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Steve Denyszyn

Assistant Professor
Centre for Exploration Targeting (CET)

Contact details

Geology and Geography Building, Rm G11
School of Earth and Environment
The University of Western Australia (M004)
35 Stirling Highway

+618 6488 7329


Research Output / Publications
UWA Research Repository

After receiving his PhD from the University of Toronto, Steven Denyszyn moved on to a research position at the University of California, Berkeley, and the Berkeley Geochronology Center before arriving in Western Australia in late 2011.
Steve has applied high-precision U-Pb geochronology and paleomagnetism to the study of rocks from such diverse locations as South Africa, the High Arctic, southwest China, British Columbia, Sri Lanka, California, and across Australia, and time periods from the Archean to the Cretaceous, after which nothing interesting has happened anyway.
Steve has developed the capability for high-precision U-Pb geochronology using thermal-ionisation mass spectrometry (TIMS) at the School of Earth and Environment at the University of Western Australia. This technique typically allows precision on the order of 0.1%, and often superior accuracy to standard-based microbeam methods.
Key Research
Primary research interests involve the U-Pb geochronology of Earth materials, mainly zircon and baddeleyite, and its application to the rate and timing of magmatic events. Current interests include;

1)   Large Igneous Provinces - The ages and rates of magmatism of Large Igneous Provinces are interesting for a number of reasons, such as: the use of mafic volcanic rocks and associated dyke and sill complexes to constrain the past position of continents, with implications for exploration targeting of now-distant fragments of metallogenic belts; establishing the rates of emplacement of large mafic igneous bodies may be an important discriminating tool for determining which are most likely to host significant mineralization; connecting the ages of large volcanic events with biotic events such as mass extinctions, and determining the timing of volcanism to establish the input of, e.g., carbon into the ocean and atmosphere and its impact on the biosphere, with implications for extinction and subsequent recovery. The use of baddeleyite (only acceptable pronunciation: BAD-dlyite) as a geochronometer is especially useful.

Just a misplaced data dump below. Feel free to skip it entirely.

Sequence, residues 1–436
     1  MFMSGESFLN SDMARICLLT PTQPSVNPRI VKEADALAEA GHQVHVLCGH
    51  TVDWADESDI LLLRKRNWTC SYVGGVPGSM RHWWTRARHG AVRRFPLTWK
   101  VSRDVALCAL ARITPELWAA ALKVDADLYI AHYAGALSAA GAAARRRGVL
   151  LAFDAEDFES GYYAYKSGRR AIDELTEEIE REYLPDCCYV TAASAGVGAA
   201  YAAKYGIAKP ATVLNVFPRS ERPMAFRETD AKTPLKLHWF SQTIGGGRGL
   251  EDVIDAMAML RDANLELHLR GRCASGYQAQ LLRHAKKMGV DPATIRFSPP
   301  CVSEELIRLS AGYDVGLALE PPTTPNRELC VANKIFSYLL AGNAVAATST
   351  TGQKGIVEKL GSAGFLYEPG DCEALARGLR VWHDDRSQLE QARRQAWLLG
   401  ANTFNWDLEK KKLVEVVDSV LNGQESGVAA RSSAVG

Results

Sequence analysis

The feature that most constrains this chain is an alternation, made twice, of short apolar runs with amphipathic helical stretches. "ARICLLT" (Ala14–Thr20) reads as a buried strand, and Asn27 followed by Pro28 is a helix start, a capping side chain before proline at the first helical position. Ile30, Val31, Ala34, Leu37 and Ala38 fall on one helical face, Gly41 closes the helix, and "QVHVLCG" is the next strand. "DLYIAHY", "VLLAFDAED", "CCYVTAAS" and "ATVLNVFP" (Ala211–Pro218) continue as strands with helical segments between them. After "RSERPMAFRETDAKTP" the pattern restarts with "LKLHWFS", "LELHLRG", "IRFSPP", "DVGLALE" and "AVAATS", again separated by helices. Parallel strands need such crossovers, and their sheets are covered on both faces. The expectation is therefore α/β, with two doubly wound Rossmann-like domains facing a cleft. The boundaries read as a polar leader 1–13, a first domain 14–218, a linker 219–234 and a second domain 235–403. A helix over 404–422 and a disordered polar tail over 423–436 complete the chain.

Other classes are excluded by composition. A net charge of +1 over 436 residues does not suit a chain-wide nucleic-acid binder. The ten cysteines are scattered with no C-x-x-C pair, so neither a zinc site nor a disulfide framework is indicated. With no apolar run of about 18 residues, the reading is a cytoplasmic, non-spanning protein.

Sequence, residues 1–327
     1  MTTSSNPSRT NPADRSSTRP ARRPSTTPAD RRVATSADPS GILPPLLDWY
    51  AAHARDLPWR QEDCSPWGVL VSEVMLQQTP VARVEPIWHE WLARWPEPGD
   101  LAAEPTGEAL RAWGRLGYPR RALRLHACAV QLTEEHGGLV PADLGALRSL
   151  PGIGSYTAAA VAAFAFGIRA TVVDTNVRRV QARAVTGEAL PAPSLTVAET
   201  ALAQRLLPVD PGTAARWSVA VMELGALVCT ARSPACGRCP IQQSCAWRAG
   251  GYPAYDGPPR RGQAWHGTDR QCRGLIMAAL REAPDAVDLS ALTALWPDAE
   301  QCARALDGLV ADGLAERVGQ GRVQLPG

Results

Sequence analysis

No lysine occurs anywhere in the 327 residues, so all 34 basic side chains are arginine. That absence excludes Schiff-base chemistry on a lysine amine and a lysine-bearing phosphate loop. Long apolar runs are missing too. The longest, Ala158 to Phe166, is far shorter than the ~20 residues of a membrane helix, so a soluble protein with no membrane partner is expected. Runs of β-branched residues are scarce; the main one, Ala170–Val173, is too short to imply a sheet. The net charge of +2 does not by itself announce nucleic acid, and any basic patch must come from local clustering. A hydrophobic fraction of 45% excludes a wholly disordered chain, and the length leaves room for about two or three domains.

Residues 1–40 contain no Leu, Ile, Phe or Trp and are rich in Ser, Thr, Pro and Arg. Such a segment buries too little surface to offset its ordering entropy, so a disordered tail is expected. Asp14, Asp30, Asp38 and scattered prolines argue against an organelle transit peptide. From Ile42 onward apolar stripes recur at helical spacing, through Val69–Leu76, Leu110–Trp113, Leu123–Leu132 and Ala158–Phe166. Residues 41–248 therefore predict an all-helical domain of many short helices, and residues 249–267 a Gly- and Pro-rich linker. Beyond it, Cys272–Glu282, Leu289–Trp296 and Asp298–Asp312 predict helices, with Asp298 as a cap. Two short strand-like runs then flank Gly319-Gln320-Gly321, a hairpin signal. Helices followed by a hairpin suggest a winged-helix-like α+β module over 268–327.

2)   Geochronological frameworks of sedimentary sequences – Sedimentary units can be useful repositories of fossil records, paleomagnetic information, and economic mineralisation/coal/etc. However, they are difficult to date, as detrital minerals only provide maximum ages and biostratigraphy is dependent upon stage boundaries which may not be applicable to all units. Identification of interlayered ash beds, extraction of zircon, and use of the John de Laeter Centre’s SHRIMP in situ method to screen out inherited grains leads to the ability to produce precise and accurate single-crystal ages in order to create a robust geochronological timescale with resolution high enough to distinguish closely-spaced beds. These timescales can then be used to determine rates of sedimentation, mineral emplacement, evolution and extinction.

Ideas for future collaboration are always welcome. The methods of research described above lend themselves particularly well to interdisciplinary studies that combine disparate interests and techniques. I’m sure you can think of some right now! Do feel free to get in touch.